–Some people would ask why the extension is necessary, in that case.
–The number of beds available does not always reflect the volume of activity and the complexity of cases. If we compare this hospital to another, we have to look at a number of things. We have the shortest stay in the health system. The average is 5.02 days. Our way of working makes this possible, with consensus, good planning and full guarantees. The concept of early release, premature release, was abandoned some time ago. Optimising the stay is also a type of guarantee for the patient because the greater the health problems, the longer the stay.
–How long are waiting lists?
–Less than 60 days for initial visits to all departments, 30 days for diagnostics, and 180 days for surgery, or 120 for priority cases. In Mijas and Benalmádena we carry out strict controls, but there can always be occasional delays, like now for example, with the holidays.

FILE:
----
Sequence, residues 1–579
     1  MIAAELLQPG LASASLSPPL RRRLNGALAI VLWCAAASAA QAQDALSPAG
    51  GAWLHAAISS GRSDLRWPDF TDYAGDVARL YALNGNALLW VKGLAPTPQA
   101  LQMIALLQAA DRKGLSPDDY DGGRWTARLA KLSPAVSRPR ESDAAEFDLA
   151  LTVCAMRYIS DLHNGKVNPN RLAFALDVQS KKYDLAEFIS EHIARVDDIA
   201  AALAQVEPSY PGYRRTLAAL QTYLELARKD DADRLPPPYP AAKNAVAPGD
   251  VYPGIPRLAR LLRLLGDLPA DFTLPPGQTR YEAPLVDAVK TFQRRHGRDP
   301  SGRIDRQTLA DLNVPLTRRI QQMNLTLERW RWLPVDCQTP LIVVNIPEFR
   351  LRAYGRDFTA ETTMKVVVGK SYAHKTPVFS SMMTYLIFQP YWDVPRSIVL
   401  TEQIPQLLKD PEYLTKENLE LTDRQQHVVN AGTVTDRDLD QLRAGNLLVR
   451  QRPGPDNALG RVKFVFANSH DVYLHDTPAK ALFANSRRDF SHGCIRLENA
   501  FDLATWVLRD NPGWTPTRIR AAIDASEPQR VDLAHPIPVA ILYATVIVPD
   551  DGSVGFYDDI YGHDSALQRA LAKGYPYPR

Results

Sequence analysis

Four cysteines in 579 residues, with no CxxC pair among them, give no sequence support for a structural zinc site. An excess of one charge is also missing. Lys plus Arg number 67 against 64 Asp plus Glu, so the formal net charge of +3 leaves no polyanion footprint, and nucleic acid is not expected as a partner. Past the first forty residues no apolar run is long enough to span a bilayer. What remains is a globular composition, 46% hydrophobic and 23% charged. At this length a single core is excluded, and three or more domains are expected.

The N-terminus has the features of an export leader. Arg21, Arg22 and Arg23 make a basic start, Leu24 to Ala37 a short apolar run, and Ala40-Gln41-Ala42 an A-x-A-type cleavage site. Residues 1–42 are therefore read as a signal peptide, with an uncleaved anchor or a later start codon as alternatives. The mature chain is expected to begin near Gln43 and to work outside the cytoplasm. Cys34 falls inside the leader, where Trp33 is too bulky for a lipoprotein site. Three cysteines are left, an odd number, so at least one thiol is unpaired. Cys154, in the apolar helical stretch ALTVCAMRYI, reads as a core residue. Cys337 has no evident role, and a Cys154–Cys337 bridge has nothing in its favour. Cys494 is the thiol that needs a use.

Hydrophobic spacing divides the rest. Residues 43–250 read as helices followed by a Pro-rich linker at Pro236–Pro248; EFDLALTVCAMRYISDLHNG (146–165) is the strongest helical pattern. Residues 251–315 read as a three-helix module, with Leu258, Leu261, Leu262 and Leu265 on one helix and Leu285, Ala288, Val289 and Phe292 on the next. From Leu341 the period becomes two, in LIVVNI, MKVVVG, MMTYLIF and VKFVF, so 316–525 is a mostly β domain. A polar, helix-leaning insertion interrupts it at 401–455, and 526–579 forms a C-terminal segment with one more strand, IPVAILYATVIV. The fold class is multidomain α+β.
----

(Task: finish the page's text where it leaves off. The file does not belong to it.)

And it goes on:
–How have staffing levels changed at the hospital?
–We opened with about 200 and now there are nearly 1,900.
-This is the biggest work centre on the Costa, after the airport.
–Yes, but that’s counting the agency staff. There are also about 500 indirect workers, in the laundry, cafeteria, security, maintenance...
–Do you use medical services from outside?
–No. We provide those services ourselves, other than the occasional test or treatment such as dialysis, so people don’t have to travel elsewhere.
–In Malaga, the Malaga Health Foundation has been set up, and also a business cluster, Malaga Tourism&Health, to attract health tourism. Are these projects based on real possibilities?
–From what I know, they can be a way of opening up collaboration between health providers.
–Not directly, no, but there are initiatives that can be considered. It is a question of analysing properly. Why should the public sector be closed off to initiatives which are being carried out in the private sector, if it wouldn’t mean fewer services for our patients? We can come to an agreement with another country and offer medical attention under the terms of the usual public service prices. We can’t say, like a private centre can, this costs 1,500 euros but I’ll give you a special price. What I can do is collaborate with the UK, for example, to handle certain pathologies for them. Why not? We need to keep looking at questions of this type because the situation also pushes us towards it.